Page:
The Gender and Sexual Health Initiative (GSHI) of the BC Centre for Excellence in HIV/AIDS, the Canadian HIV/AIDS Legal Network, and the HIV/AIDS Legal Clinic of Ontario, joined together as ‘The HIV Coalition’ to intervene in this case. GSHI contributed evidence drawn from years of research and dozens of peer-reviewed publications that resulted largely from two major research projects: AESHA - An Evaluation of Sex Worker's Health Access, a longitudinal cohort of street and off-street sex workers, and the Ethnographic-Qualitative study of the physcial, social and policy features of the work environment.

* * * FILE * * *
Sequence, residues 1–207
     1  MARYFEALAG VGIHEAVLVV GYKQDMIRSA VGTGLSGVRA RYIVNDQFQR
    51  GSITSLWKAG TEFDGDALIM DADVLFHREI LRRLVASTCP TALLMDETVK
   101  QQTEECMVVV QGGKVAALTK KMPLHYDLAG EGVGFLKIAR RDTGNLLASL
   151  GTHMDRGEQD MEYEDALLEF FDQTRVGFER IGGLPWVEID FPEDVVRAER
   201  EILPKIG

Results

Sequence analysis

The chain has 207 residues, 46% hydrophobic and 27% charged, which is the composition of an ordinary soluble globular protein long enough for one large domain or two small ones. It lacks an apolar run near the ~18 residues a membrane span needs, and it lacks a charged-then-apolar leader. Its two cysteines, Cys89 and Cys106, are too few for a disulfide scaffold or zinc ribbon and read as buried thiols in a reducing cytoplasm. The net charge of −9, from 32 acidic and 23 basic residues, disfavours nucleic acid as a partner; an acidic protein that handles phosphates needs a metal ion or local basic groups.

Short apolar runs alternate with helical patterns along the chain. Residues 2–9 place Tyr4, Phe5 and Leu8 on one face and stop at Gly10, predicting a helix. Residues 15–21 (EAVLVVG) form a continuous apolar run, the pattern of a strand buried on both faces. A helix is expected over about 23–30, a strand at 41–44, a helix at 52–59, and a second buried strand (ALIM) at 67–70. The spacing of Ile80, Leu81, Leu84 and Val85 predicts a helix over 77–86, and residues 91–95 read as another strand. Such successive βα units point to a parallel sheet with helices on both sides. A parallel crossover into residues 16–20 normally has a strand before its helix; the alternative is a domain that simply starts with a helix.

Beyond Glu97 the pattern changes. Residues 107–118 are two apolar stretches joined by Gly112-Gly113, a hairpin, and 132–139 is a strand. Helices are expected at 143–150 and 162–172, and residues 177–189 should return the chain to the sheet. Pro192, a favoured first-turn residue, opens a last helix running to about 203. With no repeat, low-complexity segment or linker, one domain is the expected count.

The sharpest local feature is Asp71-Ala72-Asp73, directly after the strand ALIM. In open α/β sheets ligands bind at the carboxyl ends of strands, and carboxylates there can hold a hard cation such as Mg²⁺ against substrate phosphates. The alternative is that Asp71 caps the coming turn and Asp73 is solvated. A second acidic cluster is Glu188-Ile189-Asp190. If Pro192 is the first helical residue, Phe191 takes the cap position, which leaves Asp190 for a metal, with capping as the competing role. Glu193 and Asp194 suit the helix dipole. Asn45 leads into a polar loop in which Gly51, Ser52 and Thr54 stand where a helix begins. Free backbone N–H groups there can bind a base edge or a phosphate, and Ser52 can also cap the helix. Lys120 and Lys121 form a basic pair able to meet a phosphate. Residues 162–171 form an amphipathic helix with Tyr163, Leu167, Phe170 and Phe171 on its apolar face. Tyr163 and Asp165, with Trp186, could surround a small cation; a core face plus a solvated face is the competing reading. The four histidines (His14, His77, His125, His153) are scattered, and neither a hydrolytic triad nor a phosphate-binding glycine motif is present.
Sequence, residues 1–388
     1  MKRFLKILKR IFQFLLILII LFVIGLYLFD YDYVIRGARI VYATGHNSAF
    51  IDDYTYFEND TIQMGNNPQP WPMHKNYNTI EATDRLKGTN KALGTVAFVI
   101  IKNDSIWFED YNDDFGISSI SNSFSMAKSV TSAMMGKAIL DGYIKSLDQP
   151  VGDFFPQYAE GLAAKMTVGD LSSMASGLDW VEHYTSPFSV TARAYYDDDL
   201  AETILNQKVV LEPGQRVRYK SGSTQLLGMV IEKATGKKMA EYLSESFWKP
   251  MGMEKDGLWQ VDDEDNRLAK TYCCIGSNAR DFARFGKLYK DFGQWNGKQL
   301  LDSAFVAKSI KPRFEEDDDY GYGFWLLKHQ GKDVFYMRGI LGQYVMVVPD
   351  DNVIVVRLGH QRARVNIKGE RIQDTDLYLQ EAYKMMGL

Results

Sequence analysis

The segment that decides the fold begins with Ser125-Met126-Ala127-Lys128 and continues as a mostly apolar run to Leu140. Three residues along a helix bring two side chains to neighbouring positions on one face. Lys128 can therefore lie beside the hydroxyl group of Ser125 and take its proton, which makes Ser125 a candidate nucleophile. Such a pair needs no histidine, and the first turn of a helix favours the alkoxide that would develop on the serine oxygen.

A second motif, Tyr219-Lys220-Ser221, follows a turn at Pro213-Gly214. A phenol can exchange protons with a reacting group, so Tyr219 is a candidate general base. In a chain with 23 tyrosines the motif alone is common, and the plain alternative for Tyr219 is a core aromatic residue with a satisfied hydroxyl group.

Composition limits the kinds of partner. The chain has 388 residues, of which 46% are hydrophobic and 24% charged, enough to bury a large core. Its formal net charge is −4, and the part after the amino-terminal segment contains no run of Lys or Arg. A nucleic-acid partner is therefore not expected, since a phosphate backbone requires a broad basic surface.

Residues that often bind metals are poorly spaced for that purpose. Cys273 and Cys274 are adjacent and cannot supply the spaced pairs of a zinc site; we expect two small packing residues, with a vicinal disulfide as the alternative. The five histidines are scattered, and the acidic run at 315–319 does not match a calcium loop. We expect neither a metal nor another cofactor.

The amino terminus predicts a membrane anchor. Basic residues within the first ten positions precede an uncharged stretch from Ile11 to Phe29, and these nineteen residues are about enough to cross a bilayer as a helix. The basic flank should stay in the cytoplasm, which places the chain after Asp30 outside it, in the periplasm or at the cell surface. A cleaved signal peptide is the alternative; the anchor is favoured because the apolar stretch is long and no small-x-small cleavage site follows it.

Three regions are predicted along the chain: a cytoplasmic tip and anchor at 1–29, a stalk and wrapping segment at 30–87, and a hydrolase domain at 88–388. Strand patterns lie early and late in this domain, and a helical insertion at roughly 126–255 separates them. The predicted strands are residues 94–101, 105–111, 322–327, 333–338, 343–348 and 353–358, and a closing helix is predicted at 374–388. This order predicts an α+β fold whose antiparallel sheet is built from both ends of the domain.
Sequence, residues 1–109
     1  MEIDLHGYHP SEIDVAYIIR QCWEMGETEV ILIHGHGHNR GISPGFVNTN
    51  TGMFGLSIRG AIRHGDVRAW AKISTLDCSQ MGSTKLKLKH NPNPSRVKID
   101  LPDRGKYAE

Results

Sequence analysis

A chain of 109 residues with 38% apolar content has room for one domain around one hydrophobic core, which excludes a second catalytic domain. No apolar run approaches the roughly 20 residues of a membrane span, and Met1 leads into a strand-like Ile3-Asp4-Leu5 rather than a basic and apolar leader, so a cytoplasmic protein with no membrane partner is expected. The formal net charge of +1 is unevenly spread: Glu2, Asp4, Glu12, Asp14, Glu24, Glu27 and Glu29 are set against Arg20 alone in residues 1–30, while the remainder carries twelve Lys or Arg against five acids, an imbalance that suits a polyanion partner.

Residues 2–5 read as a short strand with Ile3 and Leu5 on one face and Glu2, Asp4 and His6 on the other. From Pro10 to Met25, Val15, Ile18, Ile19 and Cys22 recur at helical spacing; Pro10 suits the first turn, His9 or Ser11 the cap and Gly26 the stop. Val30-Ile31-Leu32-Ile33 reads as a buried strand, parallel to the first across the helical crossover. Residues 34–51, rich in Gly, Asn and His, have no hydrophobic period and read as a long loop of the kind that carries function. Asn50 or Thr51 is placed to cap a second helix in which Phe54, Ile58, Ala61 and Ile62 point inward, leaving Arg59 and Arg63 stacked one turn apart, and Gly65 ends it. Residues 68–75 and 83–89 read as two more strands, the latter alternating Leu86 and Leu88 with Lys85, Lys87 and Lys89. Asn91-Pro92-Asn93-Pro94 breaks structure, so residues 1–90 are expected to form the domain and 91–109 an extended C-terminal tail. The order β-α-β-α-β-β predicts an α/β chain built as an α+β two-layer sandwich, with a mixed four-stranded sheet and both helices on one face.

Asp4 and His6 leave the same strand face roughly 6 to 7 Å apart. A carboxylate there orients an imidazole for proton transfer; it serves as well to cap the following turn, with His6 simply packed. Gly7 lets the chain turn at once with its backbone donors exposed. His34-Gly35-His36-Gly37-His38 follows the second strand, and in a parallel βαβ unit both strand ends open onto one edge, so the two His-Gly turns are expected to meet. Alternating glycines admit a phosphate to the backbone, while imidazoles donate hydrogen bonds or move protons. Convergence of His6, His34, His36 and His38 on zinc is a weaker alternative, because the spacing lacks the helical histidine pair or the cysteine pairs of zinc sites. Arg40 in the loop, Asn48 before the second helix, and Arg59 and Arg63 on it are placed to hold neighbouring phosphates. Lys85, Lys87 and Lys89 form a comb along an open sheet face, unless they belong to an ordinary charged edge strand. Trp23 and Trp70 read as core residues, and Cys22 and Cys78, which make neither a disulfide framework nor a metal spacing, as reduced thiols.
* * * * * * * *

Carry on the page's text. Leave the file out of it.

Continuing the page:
The HIV Coalition submitted that the prostitution laws in the Criminal Code:
1) Hinder sex workers’ access to critical health care services, such as sexual and reproductive health education, HIV prevention and harm reduction services, as well as HIV and sexually transmitted infection (STI) testing, care, treatment and support; and
2) Hinder sex workers’ ability to control the conditions of their work, including safer sex practices and the use of condoms, thereby making their work less safe and exposing them to unnecessary harm.
Watch the SCC webcast (HIV Coalition at 452:00)